The world awaits ambitious roadmap for stronger biodiversity protection

The 15th meeting of the Conference of the Parties to the UN Convention on Biological Diversity kicks off Monday in China's southwestern city Kunming.

The 15th meeting of the Conference of the Parties (COP15) to the UN Convention on Biological Diversity kicks off Monday in China's southwestern city Kunming, and expectations are high for a blueprint on preserving global biodiversity in the coming years.

Themed "Ecological Civilization: Building a Shared Future for All Life on Earth," COP15 is the first global conference convened by the United Nations on the Chinese concept of ecological civilization.

This landmark meeting, which ends on Friday, will formulate an ambitious yet feasible roadmap for global biodiversity conservation for the next decade and possibly beyond.

Humanity stands at a crossroads with regard to the legacy it leaves to future generations. As the fifth edition of the Global Biodiversity Outlook published by Secretariat of the Convention on Biological Diversity has warned, "biodiversity is declining at an unprecedented rate, and the pressures driving this decline are intensifying."

Therefore, the United Nations has defined 2021 as a critical year to "reset our relationship with nature," calling on the international community to jointly cope with multiple crises including climate change and biodiversity loss.

The Kunming meeting is an opportunity to reflect on past experiences and lessons and forge a new strategy for global ecological conservation.

It is worth mentioning that China has made enormous efforts in hosting this critical conference despite a lingering COVID-19 pandemic. China's concrete actions have demonstrated its determination to work with the rest of the world to jointly confront the biodiversity crisis.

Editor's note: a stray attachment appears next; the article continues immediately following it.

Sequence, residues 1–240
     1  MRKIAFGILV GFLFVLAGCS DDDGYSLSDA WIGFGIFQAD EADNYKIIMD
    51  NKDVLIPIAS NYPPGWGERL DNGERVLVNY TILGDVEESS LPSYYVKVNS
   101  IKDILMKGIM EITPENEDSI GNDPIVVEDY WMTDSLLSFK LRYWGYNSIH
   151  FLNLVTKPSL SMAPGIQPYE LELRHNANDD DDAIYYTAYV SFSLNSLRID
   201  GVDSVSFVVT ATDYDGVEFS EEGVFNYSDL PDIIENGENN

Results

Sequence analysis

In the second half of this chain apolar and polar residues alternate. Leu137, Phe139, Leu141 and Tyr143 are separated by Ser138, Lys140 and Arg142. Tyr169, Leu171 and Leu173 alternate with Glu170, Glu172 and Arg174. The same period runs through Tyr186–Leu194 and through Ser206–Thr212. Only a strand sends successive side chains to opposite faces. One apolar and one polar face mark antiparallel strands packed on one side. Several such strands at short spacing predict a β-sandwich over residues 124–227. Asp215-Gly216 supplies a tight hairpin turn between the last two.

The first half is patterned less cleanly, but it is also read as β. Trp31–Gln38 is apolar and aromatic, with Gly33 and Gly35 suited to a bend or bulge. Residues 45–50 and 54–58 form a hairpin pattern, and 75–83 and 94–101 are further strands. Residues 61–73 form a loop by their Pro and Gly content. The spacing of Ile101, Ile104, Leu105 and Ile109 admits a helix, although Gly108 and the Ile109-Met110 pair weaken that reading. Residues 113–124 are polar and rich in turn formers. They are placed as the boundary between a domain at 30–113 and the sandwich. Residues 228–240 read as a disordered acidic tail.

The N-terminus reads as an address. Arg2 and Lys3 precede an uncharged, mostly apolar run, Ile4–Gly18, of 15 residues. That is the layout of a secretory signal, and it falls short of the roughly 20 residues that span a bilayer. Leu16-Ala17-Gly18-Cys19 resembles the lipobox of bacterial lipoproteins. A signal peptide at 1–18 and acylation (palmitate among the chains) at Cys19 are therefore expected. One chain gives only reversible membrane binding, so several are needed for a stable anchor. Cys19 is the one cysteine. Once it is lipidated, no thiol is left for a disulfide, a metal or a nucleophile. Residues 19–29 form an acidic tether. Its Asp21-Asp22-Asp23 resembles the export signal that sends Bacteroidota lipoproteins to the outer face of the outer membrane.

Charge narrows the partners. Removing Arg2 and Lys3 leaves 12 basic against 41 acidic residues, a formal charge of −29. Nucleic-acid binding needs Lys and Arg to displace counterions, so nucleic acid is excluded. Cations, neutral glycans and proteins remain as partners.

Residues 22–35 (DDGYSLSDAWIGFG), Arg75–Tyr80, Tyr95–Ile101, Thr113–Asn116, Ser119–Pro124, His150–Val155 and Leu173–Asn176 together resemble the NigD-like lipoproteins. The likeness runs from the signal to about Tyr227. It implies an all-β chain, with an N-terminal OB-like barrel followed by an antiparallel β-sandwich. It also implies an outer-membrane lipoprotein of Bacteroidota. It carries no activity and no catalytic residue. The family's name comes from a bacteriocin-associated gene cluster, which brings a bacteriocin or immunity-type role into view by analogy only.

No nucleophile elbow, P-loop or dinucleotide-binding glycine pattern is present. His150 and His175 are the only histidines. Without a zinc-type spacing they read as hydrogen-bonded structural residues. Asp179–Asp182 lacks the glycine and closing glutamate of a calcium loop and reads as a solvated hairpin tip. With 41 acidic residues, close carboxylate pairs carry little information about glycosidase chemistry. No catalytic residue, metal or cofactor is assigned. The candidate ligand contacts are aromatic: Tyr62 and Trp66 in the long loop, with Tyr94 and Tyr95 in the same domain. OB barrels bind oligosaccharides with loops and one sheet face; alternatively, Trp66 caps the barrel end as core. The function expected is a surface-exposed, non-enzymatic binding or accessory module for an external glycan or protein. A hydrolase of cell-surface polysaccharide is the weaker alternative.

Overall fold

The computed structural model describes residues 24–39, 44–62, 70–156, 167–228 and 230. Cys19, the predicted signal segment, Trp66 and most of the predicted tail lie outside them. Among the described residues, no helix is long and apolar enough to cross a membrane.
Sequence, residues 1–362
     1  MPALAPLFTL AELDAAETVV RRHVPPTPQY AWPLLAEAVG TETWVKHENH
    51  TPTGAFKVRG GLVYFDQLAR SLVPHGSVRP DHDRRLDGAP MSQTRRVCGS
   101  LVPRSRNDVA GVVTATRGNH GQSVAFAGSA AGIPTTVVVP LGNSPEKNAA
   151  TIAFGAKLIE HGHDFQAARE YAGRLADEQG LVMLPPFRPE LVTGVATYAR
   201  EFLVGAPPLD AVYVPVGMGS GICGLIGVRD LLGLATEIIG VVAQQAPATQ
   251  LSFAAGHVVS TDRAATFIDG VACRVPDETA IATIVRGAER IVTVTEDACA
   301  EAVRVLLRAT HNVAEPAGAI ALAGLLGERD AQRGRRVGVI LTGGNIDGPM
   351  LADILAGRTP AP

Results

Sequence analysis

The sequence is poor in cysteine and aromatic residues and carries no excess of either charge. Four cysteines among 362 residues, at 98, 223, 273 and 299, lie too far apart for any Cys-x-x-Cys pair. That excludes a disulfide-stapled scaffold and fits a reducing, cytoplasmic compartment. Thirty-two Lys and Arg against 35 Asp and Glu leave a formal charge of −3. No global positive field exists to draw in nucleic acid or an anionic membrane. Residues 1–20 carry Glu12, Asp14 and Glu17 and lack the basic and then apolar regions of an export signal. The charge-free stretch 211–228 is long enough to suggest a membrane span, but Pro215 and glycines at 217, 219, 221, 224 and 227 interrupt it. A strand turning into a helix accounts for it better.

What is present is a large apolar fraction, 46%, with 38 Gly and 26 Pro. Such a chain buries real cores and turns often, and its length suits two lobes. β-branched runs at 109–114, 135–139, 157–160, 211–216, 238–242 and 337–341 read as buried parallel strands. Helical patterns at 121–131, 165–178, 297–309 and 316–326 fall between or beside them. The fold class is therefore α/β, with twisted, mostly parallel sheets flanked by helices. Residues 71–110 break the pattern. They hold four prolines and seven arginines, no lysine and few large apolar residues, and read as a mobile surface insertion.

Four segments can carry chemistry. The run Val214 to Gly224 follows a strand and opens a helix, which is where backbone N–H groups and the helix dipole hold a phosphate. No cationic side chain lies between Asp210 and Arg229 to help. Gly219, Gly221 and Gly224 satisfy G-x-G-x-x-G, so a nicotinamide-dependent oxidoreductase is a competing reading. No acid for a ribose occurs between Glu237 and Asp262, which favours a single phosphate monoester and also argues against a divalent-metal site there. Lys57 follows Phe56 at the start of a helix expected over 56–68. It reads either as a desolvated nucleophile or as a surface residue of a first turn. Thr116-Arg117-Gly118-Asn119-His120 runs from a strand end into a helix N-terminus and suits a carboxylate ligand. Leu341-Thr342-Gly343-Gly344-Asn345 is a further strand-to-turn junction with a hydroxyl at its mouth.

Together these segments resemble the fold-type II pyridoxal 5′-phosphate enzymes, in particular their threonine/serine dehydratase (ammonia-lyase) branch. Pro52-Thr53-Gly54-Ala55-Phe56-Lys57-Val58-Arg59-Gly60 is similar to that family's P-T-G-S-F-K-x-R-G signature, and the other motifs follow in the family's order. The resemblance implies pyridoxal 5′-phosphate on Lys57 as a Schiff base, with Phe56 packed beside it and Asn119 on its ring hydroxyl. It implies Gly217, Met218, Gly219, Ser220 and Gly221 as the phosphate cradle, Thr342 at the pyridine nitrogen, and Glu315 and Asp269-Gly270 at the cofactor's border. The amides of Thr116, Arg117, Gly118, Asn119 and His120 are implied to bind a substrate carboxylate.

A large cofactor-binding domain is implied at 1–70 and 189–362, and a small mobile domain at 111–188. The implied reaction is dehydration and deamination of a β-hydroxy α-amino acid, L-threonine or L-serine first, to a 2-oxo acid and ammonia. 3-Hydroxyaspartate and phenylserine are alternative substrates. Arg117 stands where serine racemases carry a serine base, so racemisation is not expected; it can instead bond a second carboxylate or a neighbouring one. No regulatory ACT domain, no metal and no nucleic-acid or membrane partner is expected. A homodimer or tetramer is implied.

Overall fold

"The kind of ambition that China has shown sort of comes to pass not only in China, but in other countries," commented James Roth, senior vice president for global policy and government affairs at Conservation International, a non-governmental organization. "So it's a lot of work to host one of these conferences and people expect you to come out and be a leader."

And a leader China has been. The country has incorporated ecological civilization into its national development policy and constitution and has saved a number of species from extinction, including the golden monkey and green peacock, both of which are witnessing population increases.

China is also helping developing countries preserve biodiversity through multilateral channels such as the Belt and Road Initiative and South-South cooperation, according to China's first white paper on biodiversity released on Friday.

China has established the Belt and Road Initiative International Green Development Coalition and launched the Belt and Road Big Data Service Platform on Ecological and Environmental Protection. Additionally, China pledged last year that it will strive to peak its CO2 emissions before 2030 and achieve carbon neutrality before 2060.

China announced further support for other developing countries to develop green and low-carbon energy and pledged not to build new coal-fired power projects abroad.

Moreover, the Chinese concept of "mountains and rivers green are mountains of silver and gold" is gaining traction worldwide.

Elizabeth Maruma Mrema, executive secretary of the Convention on Biological Diversity, said China's philosophy of ecological civilization is "critical for all countries to achieve the global biodiversity goals."

Nigel Topping, Britain's High Level Climate Action Champion for UN climate talks, once commented that the concept of ecological civilization will strengthen multilateral efforts to protect the environment and preserve global biodiversity.

Through Chinese inspiration, expectations are high for a strong showing in Kunming to guide future efforts to improve biodiversity and environmental governance worldwide.

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